Click to enlarge Collecstasy:
Three Kings magically collect two selections. Now where have I seen that plot before?
You cut the deck four times - each time a face up King appears. You now find a random card for each King by using their suits. When these cards are turned over they prove to be the four Queens - each paired perfectly with the correct King.
You remove the Jack, Queen and King of Hearts and lay them in a row on the table. You place two cards on the King and Queen. A spectator selects two for the Jack. The King and Queen instantly leave their respective piles and join the Jack.
At your command, Two selected cards magically turn face up in a face down deck.
You remove four random cards from the deck and ask someone to think of one, after which the cards are mixed back into the deck. You now deal four Brag hands - four three-card hands. The spectator names his card - this might be the Four of Hearts - you turn over the top card of each hand, revealing that three of them are Aces, Clubs, Spades and Diamonds. When the remaining card is turned over, it proves to be the selection.
A spectator cuts the deck after which the four Aces make an unexpected appearance.
Two cards vanish when placed between the Kings. The missing cards instantly appear reversed in the deck. This effect is based on Elmsley’s ‘Repulsive Aces’ and Searles ‘Cannibal Cards.’
An independent spectator helps two other spectators find their previously selected cards.
Two cards are selected from a packet, then returned. A spectator deals the packet into 2 piles. He somehow separates the colours, but there is one odd card in each pile - these are the two selections. This effect originally appeared in The Griffin.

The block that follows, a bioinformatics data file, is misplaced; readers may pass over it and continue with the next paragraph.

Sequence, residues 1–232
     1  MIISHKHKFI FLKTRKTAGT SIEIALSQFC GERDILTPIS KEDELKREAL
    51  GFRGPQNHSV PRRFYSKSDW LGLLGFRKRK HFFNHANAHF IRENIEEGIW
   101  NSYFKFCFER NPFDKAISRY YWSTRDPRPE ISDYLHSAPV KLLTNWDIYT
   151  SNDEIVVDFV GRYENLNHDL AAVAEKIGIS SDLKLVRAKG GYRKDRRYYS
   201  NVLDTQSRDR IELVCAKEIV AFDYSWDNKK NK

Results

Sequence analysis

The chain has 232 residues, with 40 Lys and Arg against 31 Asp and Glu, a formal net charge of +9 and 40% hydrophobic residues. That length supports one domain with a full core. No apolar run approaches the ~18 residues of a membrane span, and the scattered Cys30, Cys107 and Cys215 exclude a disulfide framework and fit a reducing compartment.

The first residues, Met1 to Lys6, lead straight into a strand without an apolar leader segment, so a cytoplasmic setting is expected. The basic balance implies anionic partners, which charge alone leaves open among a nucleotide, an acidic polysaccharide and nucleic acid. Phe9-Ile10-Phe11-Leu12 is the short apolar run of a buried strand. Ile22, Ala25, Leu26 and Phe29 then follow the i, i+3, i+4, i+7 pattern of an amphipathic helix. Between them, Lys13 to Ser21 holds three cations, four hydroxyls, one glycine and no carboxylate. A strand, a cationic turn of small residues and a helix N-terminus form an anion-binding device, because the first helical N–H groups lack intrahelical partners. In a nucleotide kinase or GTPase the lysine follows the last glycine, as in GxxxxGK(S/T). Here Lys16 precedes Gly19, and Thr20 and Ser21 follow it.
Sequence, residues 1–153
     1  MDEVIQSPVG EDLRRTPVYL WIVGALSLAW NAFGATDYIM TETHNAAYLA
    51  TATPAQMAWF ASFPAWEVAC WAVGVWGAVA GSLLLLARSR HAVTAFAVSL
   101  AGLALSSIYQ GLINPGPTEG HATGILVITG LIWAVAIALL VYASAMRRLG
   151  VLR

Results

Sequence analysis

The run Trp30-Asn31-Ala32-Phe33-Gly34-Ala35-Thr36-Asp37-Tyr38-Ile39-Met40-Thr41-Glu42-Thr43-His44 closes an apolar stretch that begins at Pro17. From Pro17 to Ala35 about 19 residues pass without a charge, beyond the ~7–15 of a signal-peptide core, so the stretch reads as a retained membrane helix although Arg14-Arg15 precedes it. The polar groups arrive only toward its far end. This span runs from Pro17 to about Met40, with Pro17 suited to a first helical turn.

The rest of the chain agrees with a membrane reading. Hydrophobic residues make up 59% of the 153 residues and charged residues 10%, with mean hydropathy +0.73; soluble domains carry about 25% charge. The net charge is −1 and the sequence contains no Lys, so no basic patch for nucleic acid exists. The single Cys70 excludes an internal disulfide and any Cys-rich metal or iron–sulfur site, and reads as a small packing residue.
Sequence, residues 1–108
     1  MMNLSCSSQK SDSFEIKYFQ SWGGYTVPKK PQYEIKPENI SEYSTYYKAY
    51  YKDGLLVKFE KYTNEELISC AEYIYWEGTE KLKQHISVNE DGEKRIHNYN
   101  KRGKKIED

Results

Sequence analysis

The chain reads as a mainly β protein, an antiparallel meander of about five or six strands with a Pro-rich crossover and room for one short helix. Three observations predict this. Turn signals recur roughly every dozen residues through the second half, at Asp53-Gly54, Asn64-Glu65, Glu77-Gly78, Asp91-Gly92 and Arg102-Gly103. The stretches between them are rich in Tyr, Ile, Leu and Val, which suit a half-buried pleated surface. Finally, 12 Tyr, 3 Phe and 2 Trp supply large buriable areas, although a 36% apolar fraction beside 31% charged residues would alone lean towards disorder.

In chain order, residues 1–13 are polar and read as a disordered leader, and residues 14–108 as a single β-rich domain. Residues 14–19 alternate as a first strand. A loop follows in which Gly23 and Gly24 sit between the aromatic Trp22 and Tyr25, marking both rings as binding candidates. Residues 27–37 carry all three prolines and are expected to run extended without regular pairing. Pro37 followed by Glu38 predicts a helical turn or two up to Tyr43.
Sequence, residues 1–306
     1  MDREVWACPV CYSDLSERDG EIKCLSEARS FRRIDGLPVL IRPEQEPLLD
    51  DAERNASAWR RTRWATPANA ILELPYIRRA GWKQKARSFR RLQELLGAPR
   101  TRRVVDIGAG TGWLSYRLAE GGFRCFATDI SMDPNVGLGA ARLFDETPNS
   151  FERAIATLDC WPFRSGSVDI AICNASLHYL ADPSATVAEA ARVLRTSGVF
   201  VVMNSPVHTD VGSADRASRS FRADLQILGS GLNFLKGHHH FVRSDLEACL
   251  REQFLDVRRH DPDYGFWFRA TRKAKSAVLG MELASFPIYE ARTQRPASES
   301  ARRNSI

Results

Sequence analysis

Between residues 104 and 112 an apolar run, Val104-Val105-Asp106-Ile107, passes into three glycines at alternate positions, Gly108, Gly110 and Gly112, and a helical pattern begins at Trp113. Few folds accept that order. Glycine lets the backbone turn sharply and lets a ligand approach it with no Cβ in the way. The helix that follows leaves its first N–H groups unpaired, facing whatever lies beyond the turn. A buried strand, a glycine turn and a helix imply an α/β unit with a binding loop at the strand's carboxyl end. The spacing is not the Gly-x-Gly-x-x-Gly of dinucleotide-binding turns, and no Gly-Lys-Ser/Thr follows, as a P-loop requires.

You perform a routine with the four Aces. In the end, one of the Aces changes into a previously selected card.
With the aid of a spectator, you find four random cards. The spectator now picks one more card, which might be the Ten of Spades. He Waves this card over the four random cards which turn into the Ace, King, Queen and Jack of Spades, to complete a Royal Flush!
A colour separation routine. Use the usual ‘Oil and Water’ patter... if you must.
Two cards are chosen and returned, then a spectator takes the Ace of Spades and tries to stab it into the deck next to his selected card. He fails. However, when he next looks at the Ace he is holding it has transformed into his chosen card. The other spectator’s card is found reversed in the middle.
This simple effective card location uses the Jack Avis Centre Double Lift as a means to obtaining a secret key card.
The following uses a full deck stack, however it is of the simplest variety. The effect is very puzzling and slightly bizarre.